The all-civilian Inspiration4 crew has been in orbit for nearly two days, yet we’ve heard very little about what’s going on up there. SpaceX’s first private crewed mission to space has most certainly been that—private. The unexpectedly muted approach has made it anything but inspiring.
Inspiration4 launched at 8:02 p.m. EDT on Wednesday from Kennedy Space Center in Florida. The Resilience Crew Dragon, nestled atop a Falcon 9 rocket, embarked on a three-day mission to orbit with an exclusively private crew—and not a single NASA astronaut in sight. With the launch, SpaceX officially entered into the space tourism business, joining Virgin Galactic and Blue Origin. Jared Isaacman, Sian Proctor, Chris Sembroski, and Hayley Arceneaux will now go down in history as being the first private crew flown to Earth orbit.
SpaceX pulled all the stops to make this futuristic luxury cruise as immune from criticism as possible. The optics are just about perfect, as the Inspiration4 mission—with two men and two women—is supposed to raise $200 million for St. Jude Children’s Research Hospital. And the achievements are truly headline-worthy, as the trip features the first Black woman to pilot a spacecraft and the first person to go to space with a prosthetic body part, Arceneaux, who is also a cancer survivor.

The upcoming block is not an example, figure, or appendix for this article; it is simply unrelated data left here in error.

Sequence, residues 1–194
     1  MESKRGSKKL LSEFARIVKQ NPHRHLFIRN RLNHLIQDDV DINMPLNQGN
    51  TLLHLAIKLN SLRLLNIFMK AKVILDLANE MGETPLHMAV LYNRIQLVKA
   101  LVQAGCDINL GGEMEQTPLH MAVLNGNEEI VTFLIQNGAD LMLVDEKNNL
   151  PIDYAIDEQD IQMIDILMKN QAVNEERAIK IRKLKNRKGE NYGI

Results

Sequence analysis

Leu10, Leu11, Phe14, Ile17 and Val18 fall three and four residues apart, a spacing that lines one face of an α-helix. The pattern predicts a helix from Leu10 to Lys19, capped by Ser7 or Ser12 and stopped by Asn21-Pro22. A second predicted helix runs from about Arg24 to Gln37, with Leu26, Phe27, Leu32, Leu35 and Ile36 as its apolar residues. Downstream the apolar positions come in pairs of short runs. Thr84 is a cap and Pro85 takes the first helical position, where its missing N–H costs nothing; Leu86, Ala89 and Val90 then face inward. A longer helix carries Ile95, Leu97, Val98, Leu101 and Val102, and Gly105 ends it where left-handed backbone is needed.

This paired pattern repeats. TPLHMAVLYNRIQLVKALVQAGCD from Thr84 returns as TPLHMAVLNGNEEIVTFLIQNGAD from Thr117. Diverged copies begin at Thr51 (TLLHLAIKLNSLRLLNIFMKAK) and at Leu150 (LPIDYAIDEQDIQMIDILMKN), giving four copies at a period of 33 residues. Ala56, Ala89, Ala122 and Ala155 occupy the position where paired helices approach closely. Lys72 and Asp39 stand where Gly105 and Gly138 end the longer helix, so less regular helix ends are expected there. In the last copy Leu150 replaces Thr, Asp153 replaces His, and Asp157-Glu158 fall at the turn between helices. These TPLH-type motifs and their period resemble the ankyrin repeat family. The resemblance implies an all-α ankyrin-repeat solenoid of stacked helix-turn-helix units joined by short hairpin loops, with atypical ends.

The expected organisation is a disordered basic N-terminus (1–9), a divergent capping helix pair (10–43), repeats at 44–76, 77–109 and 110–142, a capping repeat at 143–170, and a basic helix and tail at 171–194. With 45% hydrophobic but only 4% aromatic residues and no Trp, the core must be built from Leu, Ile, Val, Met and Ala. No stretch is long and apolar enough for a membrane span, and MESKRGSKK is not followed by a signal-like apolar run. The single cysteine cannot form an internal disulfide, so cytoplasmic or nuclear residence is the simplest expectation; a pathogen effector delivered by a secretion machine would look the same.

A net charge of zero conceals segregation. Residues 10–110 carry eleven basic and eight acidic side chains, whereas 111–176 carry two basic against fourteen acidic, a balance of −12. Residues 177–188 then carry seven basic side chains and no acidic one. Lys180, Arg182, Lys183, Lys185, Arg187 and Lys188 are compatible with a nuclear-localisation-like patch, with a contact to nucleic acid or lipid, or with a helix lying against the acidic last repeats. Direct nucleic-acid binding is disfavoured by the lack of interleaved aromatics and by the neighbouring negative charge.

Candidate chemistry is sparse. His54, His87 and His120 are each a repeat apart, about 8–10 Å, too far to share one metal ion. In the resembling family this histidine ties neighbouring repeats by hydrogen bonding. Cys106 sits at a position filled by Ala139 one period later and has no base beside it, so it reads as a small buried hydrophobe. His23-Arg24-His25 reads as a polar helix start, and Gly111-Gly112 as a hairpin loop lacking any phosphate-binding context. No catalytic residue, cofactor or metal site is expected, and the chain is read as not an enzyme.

Now don’t get me wrong: These are all undeniably awesome and commendable things, but there’s no mistaking the genuine goal of the mission, which is for SpaceX to set the stage for future big-ticket flights. The Elon Musk-led company eventually plans to charge $50 million a seat for these trips; Isaacman, the billionaire founder of Shift4 Payments, paid an undisclosed amount for all four Inspiration4 seats.